atorvastatin, Lipitor (cont.)
Omudhome Ogbru, PharmD
Omudhome Ogbru, PharmD
Dr. Ogbru received his Doctorate in Pharmacy from the University of the Pacific School of Pharmacy in 1995. He completed a Pharmacy Practice Residency at the University of Arizona/University Medical Center in 1996. He was a Professor of Pharmacy Practice and a Regional Clerkship Coordinator for the University of the Pacific School of Pharmacy from 1996-99.
Medical and Pharmacy Editor:
GENERIC AVAILABLE: Yes
PREPARATIONS: Tablets of 10, 20, 40, and 80 mg
STORAGE: Tablets should be stored at room temperature, 20-25 C (68-77 F).
PRESCRIBED FOR: Atorvastatin is used for the treatment of elevated total cholesterol, LDL, and triglycerides and to elevate HDL cholesterol. The effectiveness of atorvastatin in lowering cholesterol is dose-related, meaning that higher doses reduce cholesterol more. Atorvastatin prevents angina, stroke, heart attack, hospitalization for congestive heart failure, and revascularization procedures in individuals with coronary artery disease. Atorvastatin reduces the risk of myocardial infarction (heart attack), stroke, angina and revascularization procedures in adults with multiple risk factors for coronary artery disease. Atorvastatin also prevents heart attacks and strokes in patients with type 2 diabetes with multiple risk factors for coronary artery disease.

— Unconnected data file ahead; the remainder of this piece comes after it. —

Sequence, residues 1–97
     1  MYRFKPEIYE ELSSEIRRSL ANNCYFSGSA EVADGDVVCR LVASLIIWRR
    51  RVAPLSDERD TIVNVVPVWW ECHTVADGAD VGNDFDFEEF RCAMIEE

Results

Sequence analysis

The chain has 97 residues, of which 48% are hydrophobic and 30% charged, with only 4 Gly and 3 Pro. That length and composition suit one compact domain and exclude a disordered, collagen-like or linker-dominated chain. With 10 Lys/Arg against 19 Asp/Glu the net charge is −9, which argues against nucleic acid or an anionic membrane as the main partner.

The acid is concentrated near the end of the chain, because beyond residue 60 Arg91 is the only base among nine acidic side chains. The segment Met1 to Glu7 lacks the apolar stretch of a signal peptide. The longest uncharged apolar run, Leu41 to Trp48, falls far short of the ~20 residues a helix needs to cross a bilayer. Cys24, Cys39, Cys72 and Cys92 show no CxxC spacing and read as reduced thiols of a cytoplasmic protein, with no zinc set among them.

DOSING: Atorvastatin is prescribed once daily. The usual starting dose is 10-20 mg per day, and the maximum dose is 80 mg per day. Individuals who need more than a 45% reduction in LDL cholesterol may be started at 40 mg daily. Atorvastatin may be taken with or without food and at any time of day.
DRUG INTERACTIONS: Decreased elimination of atorvastatin could increase levels of atorvastatin in the body and increase the risk of muscle toxicity from atorvastatin. Therefore, atorvastatin should not be combined with drugs that decrease its elimination. Examples of such drugs include erythromycin (E-Mycin), ketoconazole (Nizoral), itraconazole (Sporanox), clarithromycin (Biaxin), telithromycin (Ketek), cyclosporine (Sandimmune), nefazodone (Serzone), and HIV protease inhibitors such as indinavir (Crixivan) and ritonavir (Norvir).
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